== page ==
Swinging the Brush

An introduction to easel painting – by Graham S Baker


You might remember the Rolling Stones song “I Can’t Get No Satisfaction”. Plants, animals and human beings crave satisfaction…….that is, they have a basic urge to express their nature to the full. Palm trees do not thrive in Labrador, polar bears in the tropics; but in a setting conducive to their species they can achieve the harmony (satisfaction) they seek. The pine requires nutrition, light and water to come to full maturity……..denied any of these essentials it’s growth will be stunted……..but if it’s needs are fulfilled, one day it will be a magnificent tree fulfilling it’s destiny. Humans, being slightly more complicated than plants and worms, have an imagination, leaving them with an additional appetite. Aside from food and a comfortable temperature range, to find meaningful satisfaction, human beings must answer the demand of their imagination to be creative or suffer the consequences.

We express our urge to be creative in both obvious and subtle ways………..the way we walk, talk etc., and by selecting personal preferences, visually, with our taste, smell, touch and hearing. We decorate ourselves, our homes and communities…….all of this to quench the thirst of our unique desire to be creative.

Some people devote their lives to the arts. These people have struck the mother lode...................... a never ending inexhaustible opportunity to express their essence. Striving in any art form (painting, sculpture, writing etc.) provides them with the ability to satisfy the natural basic urge to create and will bring them, from time to time, into a harmonious state where they will experience the essence of their being and find themselves satisfied (whole).

Painters should pay particular attention to a statement by artist/teacher Charles Hawthorne: “Art is a necessity, beauty we must have in the world. Painting and sculpture and music and literature are all part of the same piece as civilization, which is the art of making it possible for human beings to live together. When I speak of art I mean painting, architecture, music, literature, sculpture, the theatre, in fact everything that’s creative………..anything that makes a thought, an idea, or a thing grow where nothing grew before; or a fundamental truth expand and show some angle of beauty which calls special attention to its being a fundamental truth………”.

(Hawthorne On Painting first published in 1938)

Chapter One
In the Beginning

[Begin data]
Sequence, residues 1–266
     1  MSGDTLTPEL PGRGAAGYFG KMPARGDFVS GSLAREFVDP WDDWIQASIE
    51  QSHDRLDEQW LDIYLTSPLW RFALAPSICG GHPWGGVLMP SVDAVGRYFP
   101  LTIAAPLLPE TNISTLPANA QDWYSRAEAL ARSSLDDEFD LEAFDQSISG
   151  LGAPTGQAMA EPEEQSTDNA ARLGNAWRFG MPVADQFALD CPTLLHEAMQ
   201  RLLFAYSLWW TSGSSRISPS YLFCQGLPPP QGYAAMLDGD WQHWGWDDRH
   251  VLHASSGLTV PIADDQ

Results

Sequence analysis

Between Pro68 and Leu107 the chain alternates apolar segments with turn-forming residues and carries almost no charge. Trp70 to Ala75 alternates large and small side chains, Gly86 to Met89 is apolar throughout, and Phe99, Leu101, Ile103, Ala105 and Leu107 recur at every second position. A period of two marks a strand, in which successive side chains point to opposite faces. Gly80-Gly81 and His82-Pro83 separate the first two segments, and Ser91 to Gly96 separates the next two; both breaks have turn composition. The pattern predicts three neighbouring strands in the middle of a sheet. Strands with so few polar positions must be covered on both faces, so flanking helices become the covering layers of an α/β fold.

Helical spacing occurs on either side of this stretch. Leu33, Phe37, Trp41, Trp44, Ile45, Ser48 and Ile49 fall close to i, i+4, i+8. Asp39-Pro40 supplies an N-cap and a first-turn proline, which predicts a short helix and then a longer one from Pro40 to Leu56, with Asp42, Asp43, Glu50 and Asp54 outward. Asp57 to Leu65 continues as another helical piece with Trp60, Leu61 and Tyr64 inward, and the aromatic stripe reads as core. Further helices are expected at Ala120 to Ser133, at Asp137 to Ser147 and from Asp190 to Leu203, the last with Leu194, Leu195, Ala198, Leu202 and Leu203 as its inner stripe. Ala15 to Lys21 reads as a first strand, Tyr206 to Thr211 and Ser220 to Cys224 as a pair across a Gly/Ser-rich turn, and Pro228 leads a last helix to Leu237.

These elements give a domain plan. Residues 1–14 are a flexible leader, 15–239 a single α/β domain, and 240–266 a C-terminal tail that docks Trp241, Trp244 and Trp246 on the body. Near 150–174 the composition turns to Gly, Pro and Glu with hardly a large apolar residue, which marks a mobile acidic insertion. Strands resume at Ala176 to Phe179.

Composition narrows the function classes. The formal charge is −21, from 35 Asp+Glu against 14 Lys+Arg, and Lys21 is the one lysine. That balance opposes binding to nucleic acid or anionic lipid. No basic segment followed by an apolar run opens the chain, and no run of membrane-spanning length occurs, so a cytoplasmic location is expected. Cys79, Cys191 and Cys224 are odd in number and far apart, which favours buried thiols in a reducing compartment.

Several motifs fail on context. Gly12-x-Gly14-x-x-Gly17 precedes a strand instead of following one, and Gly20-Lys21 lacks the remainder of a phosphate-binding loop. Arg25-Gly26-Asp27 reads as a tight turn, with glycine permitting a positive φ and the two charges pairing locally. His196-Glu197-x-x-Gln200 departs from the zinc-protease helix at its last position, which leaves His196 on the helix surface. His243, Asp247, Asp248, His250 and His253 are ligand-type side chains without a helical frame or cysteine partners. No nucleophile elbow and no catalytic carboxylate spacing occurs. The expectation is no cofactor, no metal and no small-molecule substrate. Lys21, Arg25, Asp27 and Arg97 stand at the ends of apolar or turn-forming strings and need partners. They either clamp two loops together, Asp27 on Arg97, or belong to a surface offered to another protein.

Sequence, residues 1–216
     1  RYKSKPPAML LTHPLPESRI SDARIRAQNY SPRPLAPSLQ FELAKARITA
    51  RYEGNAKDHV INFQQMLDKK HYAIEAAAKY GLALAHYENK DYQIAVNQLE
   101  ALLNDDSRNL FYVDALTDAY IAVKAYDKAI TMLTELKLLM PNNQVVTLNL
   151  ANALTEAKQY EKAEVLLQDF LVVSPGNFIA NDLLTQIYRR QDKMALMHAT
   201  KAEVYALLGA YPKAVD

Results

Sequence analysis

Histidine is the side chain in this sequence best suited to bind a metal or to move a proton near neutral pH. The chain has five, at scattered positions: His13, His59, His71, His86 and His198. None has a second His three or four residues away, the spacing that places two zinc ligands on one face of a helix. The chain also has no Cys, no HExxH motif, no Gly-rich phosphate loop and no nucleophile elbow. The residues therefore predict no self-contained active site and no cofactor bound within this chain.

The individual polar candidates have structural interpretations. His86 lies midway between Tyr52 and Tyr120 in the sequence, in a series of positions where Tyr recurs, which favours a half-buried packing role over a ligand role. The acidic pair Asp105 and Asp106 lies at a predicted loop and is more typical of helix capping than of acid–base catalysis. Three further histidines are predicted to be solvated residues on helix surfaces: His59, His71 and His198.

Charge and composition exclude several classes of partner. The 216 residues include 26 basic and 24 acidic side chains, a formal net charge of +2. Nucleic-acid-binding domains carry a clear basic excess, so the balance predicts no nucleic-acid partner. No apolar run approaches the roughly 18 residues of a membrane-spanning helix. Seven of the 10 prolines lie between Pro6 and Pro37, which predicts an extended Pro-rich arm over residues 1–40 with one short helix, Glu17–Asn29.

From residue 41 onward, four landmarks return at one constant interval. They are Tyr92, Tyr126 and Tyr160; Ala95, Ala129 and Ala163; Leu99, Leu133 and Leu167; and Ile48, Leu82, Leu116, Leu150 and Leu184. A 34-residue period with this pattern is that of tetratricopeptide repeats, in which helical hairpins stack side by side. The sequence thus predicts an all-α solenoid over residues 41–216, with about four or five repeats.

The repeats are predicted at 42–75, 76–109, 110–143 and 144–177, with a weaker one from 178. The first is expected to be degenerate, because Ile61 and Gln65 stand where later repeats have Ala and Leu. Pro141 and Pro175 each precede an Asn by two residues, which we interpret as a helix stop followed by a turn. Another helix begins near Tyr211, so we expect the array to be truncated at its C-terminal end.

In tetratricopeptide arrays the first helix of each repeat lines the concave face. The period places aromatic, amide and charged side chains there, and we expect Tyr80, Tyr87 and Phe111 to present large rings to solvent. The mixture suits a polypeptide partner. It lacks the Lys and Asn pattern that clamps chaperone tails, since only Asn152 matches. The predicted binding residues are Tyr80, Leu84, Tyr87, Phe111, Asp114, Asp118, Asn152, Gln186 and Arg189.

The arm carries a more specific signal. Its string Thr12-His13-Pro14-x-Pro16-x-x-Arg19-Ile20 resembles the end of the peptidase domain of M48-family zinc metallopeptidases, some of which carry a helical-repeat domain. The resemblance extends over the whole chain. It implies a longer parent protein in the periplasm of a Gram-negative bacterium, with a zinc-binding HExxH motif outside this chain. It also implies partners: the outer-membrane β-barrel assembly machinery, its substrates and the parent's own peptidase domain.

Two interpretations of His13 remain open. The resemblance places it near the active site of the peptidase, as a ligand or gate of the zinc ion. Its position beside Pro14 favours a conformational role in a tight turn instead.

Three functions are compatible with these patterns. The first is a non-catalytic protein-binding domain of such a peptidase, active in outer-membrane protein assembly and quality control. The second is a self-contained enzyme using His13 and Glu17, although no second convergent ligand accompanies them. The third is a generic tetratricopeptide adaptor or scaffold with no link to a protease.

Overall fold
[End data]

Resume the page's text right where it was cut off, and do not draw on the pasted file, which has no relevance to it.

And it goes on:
"Those who paint should dip their brush into the essence of their being and spread that expression on canvas...........or in the words of Billy Shakespeare "to thine own self be true." Graham Baker

Painting is the easiest thing in the world........you pick up pigment and spread it on a flat surface. I once saw a chimpanzee paint but I was rather disappointed with the results. If you view paintings by Rembrandt or any of the masters you have to admit that unlike the chimpanzee, they have made many intelligent decisions arriving at their final product. They have paid attention to the painting principles and used them as a guide. If you intended to construct a vehicle it would be prudent before you start to understand ignition, braking and suspension systems and so on. To paint you should aware of these principles that will enable you to deliver a work of art. Surprisingly they are few in number and easy to grasp. If you are not aware of them you can be compared to the surgeon who never took the time to study anatomy, blood circulation, body chemistry and other fundamentals necessary to the successful doctor. I don't know about you but I don't want him operating on me. If it is your desire to paint the forest , mountains , the sea or whatever, and produce a visual expression worth while looking at, then you must go through a learning experience and become aware of the basics........composition, colour harmony and the effective use of lights and darks and so on. This information is simple and acquiring it can be a pleasure, but you must be devoted to the pursuit or you are wasting your time.

All paintings can roughly be placed in one of the two families; the abstract group and those we will call representational paintings......... in the latter you will recognize flowers, faces, bottles, trees or whatever forms the painter has selected. My remark are limited to this "representation" family of paintings.

In the world of representational art there are three universally truths. There is such a thing as good composition, colour harmony, and the behaviour of lights and darks. As you come to understand these concepts your easel efforts will improve, without this awareness they suffer.


Many painters and would be painters have their mind clouded by doubts about their so called "talent"; have the gods amply endowed them? Before we deal with the five real challenges faced on every painting from the first to the last you ever do, let us lay to rest this doubt. Talent is as common as grass..... dedication rare. You learn to paint by much painting. The essential talent is feelings. As Van Gogh advised "....the way to love life is to love many things." If you use your love, and if it is a strong love, be it of the ocean or the desert , sufficient "talent"will surface to see you through. But love is not enough. Those who ignore the principles, the golden guides offered free of charge by the Cezanne's of the world will reap their just reward.. If you love the act of painting, if you marry this desire to intelligent information and you satisfy your compulsion to express yourself visually by doing a great deal of painting you will meet with unexpected success at unexpected hours at the easel.

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